Friday, May 24, 2013
Wednesday, May 22, 2013
By now, all the developers who signed up to receive Glass prototypes should have the headgear in hand, so Google's ready to move on to the next phase. Over the next few weeks, the company will begin sending invitations to successful #ifihadglass applicants. Invites will come via Google+, so you'll need to have +Project Glass in your Circles in order to jump to the next step. Unfortunately, the Explorer program is closed, so it's a bit to late to submit an application now. Google's promised to keep you in the loop regarding future opportunities, though. Simply add your info at the source link below to sign up for updates.
WTF is this now... smh..
It's surely not the first contraption to bring an iDevice to a weapon, but the Inteliscope does appear to be one of the first to take itself seriously. It's designed to secure an iPhone 4 / 4S / 5 or iPod touch to any firearm with a Picatinny (Mil-STD-1913) or Weaver tactical rail, enabling shooters to peek around corners with no head exposure. Naturally, the mount itself wouldn't be all that attractive without an accompanying app. The software portion of the equation offers up custom crosshairs, a 5x digital zoom, video recording capabilities, ballistics / firearm data, a built-in compass and a shot timer. There's also a flashlight and strobe feature, information about local prevailing winds and a constant check on your location. Folks interested in pre-ordering can do so at the source link for $69.99, with initial shipments expected to head out in June.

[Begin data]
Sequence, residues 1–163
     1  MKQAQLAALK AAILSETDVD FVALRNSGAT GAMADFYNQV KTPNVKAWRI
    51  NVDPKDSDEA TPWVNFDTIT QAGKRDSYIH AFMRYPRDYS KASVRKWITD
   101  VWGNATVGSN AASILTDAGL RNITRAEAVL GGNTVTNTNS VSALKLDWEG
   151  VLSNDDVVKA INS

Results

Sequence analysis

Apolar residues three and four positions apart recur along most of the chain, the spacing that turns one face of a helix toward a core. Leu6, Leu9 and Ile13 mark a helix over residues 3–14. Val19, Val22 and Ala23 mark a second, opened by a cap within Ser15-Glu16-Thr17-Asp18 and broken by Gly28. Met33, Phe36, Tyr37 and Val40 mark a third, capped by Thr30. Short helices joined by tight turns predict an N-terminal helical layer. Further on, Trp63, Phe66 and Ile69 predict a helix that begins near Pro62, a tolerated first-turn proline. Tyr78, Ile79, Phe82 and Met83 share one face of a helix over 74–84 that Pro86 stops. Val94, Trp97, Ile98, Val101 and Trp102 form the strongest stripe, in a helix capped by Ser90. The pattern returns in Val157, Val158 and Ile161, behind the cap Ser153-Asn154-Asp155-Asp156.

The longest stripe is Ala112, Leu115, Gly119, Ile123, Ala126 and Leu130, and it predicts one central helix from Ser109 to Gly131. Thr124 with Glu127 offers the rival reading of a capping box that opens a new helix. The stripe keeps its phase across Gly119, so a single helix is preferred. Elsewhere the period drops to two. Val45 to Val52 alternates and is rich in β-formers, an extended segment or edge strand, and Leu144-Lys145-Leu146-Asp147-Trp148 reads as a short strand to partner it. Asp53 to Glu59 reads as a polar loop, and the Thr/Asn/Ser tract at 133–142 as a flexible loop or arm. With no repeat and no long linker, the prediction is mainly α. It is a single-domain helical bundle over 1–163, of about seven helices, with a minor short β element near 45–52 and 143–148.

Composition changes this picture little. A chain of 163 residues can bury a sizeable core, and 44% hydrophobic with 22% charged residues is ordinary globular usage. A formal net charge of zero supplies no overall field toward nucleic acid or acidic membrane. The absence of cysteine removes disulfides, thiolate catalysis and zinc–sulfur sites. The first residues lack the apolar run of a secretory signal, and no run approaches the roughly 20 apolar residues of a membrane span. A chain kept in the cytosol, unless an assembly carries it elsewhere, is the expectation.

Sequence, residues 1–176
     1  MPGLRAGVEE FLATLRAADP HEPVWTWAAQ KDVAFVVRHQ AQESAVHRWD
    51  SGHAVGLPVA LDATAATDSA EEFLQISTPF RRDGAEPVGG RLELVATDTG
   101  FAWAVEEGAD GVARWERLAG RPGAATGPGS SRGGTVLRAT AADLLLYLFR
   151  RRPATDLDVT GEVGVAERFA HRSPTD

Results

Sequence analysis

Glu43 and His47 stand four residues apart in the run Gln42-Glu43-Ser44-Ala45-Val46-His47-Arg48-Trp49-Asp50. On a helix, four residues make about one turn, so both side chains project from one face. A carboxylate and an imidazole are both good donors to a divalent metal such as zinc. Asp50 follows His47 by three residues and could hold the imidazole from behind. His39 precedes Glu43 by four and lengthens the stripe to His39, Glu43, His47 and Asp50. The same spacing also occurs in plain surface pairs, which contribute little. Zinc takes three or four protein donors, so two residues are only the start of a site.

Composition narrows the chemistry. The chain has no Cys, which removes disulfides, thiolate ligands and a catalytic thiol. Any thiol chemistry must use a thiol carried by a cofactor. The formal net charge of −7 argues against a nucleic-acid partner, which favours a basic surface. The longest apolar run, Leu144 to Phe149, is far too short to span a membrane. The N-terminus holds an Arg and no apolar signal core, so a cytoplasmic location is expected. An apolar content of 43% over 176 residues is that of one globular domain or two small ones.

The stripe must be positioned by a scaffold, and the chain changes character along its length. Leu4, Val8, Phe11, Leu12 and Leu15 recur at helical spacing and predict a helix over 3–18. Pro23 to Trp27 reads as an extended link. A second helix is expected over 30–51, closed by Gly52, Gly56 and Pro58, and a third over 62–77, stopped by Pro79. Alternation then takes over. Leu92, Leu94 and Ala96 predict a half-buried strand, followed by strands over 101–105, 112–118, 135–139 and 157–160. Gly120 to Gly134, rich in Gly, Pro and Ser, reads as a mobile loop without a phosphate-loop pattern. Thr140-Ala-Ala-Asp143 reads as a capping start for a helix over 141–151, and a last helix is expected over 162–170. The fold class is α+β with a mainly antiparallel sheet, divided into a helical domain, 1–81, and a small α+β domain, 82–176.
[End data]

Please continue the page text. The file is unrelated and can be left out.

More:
-WassupFred... Keep away from children lol ..
At today's Thinking Digital conference, the BBC exhibited the first gadget designed through its Perceptive Media Project: the Perceptive Radio, created by Ian Forrester of the corporation's Future Media division. When the BBC announced the project last summer, the response included some head scratching, mostly due to a lack of clarity about what perceptive media entails. The BBC's R&D department defines perceptive media as distinct from personalized or pervasive media in that it intelligently adapts to specific audiences and surroundings. The Perceptive Radio accomplishes this through the use of light, sound and proximity sensors that adjust what the radio plays according to environmental factors like time, location and the listener's distance from the device. At the moment, the list of tricks ready to demo on the Perceptive Radio is short, but the BBC plans to open-source the design soon, allowing tinkerers to fiddle with it to their hearts' content.
ok so, who's getting one of these??
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